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Fig, Gorgonzola and Arugula Flatbread

Fig, Gorgonzola and Arugula Flatbread

Call it a Flatbread if you want, but this is really a Pizza. And who doesn’t love pizza?

There’s very little we like more than pizza. In this recipe, it’s called a Flatbread. I am not quite sure why because the dough in this recipe is pizza dough. Pizza dough is a store-bought item for me. Anyone can make it better than I can. And virtually every single pizza place in this country will sell you their dough. And if they won’t, there are piles of it at Trader Joe’s.  Our dough came frozen from the Supermarket.  It was perfect. It rolled out to make a perfect thin crust. Covered with a thin layer of fig jam, it was then sprinkled abundantly with Gorgonzola, the crumbly Italian Blue Cheese. Gorgonzola packs quite a punch of flavor, a perfect contrast to the sweetness of the fig jam. The figs themselves go on only in the last three minutes of cooking.  Add a little more cheese, drizzle the sweet tartness of a thick Balsamic vinegar, add peppery arugula as a finishing touch, and, oh my, is this good!

Our Figs were from California, but they might have come from Pennsylvania.

All hail Fig Season, when these luscious little fruits arrive. In this case, ours were from California. They do grow around here if you take great precautions to overwinter them well. A former work partner of mine, Carl, was a great Fig Fancier. I loved the story of how his family transplanted their Italian grandfather’s Fig Tree from the Bronx to their home on Long Island. Native to Southeast Asia, Ficus Carica is widely grown from Afghanistan to Portugal.  And it thrives on sunny slopes in Italy. Carl’s grandfather’s tree was likely a reminder of home, descendent of clippings carefully tucked into suitcases arriving from Italy years before. Even more miraculous was that Carl then moved them to Yardley, Pennsylvania where they continued to thrive.

Some guidance before we get to the recipe.

If you can find fresh Pizza dough at either your local pizza place or if your supermarket sells it raw, you can proceed to the recipe. My option was to use frozen Pizza dough from “House of Pasta”, a company in Westfield, MA.  It came in two 1 lb. balls. These were frozen solid.  They take at least 6 hours to defrost at room temperature. Far better is to defrost your dough overnight in the fridge. You rub the frozen dough with a little olive oil. Then put it into a glass bowl covered with a damp tea towel. Two hours before you need it, take it out of the fridge and let it stand at room temperature.  (FYI, according to its packaging, “House of Pasta” dough can be used to make Italian bread, Zeppole (Italy’s version of a doughnut) and Calzone, the Neopolitan “stuffed” pizza. Talk about versatile!) The second piece of advice is to not fuss about the dough too much, how perfectly rectangular it is or square or whatever shape it ends up being. One advantage to calling this a Flatbread is that no one is going to expect a perfectly formed round pizza! Instead, expect something rustic and free-form.  And absolutely fantastic to eat. Here is the recipe. And after it, some other Chewing The Fat favorite Pizzas–some that are even circular!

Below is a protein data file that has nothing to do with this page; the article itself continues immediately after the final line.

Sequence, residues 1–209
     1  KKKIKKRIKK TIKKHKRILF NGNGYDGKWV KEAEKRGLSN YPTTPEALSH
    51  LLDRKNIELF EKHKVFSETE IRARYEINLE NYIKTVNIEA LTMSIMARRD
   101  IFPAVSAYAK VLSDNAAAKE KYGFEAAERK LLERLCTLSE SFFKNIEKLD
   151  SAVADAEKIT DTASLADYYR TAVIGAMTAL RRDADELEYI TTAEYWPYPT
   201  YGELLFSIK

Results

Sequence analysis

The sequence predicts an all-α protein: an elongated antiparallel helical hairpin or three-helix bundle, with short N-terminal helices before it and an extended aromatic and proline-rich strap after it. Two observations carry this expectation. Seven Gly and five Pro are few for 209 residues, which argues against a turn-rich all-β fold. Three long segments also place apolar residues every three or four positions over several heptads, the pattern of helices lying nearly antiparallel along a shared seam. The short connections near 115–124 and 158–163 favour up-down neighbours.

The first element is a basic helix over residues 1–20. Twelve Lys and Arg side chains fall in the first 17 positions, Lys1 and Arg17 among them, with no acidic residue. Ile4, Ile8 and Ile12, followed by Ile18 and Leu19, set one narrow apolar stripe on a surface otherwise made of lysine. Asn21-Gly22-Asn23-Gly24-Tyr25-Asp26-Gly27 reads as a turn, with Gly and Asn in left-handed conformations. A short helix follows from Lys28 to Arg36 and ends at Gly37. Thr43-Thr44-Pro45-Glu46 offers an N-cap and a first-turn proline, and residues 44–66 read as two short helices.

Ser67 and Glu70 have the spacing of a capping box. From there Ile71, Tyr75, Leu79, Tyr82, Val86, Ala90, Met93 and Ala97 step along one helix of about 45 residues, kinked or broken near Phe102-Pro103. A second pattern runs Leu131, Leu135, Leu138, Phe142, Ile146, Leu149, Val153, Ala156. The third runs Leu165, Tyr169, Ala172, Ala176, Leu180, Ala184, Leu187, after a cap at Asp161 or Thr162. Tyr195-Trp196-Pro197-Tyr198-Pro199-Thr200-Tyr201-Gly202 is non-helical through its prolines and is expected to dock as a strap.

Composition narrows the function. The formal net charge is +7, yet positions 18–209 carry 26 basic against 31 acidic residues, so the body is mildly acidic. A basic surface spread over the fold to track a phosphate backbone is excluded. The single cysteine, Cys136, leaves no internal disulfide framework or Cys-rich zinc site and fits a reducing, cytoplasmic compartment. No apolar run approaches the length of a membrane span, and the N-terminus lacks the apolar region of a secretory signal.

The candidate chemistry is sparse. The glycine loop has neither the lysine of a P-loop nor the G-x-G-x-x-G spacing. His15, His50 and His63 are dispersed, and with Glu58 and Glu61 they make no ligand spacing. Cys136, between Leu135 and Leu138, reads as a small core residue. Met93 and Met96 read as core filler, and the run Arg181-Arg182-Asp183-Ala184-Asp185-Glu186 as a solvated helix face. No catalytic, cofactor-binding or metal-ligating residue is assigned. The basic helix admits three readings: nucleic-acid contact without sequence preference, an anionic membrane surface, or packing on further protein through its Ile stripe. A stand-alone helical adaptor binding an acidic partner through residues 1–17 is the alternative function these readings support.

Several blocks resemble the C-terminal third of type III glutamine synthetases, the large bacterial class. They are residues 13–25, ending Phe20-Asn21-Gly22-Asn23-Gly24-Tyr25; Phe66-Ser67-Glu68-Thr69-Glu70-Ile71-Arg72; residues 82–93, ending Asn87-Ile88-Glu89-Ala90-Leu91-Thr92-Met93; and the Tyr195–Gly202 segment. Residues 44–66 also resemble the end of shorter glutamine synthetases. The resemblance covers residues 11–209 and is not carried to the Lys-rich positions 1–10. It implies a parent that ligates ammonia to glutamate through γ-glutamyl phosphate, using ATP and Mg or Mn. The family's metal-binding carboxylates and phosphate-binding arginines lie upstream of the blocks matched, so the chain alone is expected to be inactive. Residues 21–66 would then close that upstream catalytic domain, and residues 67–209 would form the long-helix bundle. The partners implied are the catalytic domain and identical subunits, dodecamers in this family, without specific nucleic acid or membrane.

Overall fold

Fig Gorgonzola and Arugula Flatbread

September 18, 2020
: 30 min
: The flattening of the dough is the hardest part of the recipe but since it's a flatbread, don't fret if it's not perfect.

A great addition to a small cocktail party, a wonderful lunch for two, a starter...you name it.

By:

Ingredients
  • 1 pound pizza dough, at room temperature at least 1 hour
  • 6 fresh figs
  • All-purpose flour, for dusting
  • Finely ground cornmeal, for dusting
  • 2 teaspoons olive oil, divided
  • 1/2 cup fig jam
  • 4 ounces gorgonzola cheese, crumbled (1 cup) and divided
  • 1 cup arugula (1 ounce)
  • 2 tablespoons balsamic glaze
Directions
  • Step 1 Arrange a rack in the bottom third of the oven. Place a heavy rimmed baking sheet upside down on the rack, and heat the oven to 450°F. Quarter the figs through the stem and set aside.
  • Step 2 Turn over a second rimmed baking sheet and cover it with a sheet of parchment paper. Dust the parchment paper with cornmeal. If the dough is sticky, dust it with a little bit of all-purpose flour. Place the dough on the parchment paper. Use the heel of your hand to press the dough flat. Work from the middle out to shape it into a rectangle with your hands or a rolling pin. The dough will stick to the parchment
  • Step 3 if it starts to shrink back, wait a few minutes to let it relax and continue shaping.
  • Step 4 Brush the dough with the olive oil, then spread half of the fig jam into a thin layer onto the dough, leaving a 1/2-inch border. Sprinkle with 1/4 cup of the gorgonzola. Carefully remove the preheated baking sheet from the oven and use the parchment paper to slide the flatbread directly onto the back of the baking sheet.
  • Step 5 Bake until the edges are golden-brown and crisp, 12 to 15 minutes. Scatter the quartered figs on the flatbread during the last 3 minutes of baking.
  • Step 6 Remove the flatbread from the oven and top immediately with 1/4 cup of the remaining gorgonzola and the arugula. Drizzle with the balsamic glaze. Cool for 2 minutes, then slice and serve.
  • Step 7 Recipe Notes
  • Step 8 Storage: This pizza is best eaten fresh, but you can refrigerate leftovers in an airtight container for up to 4 days.

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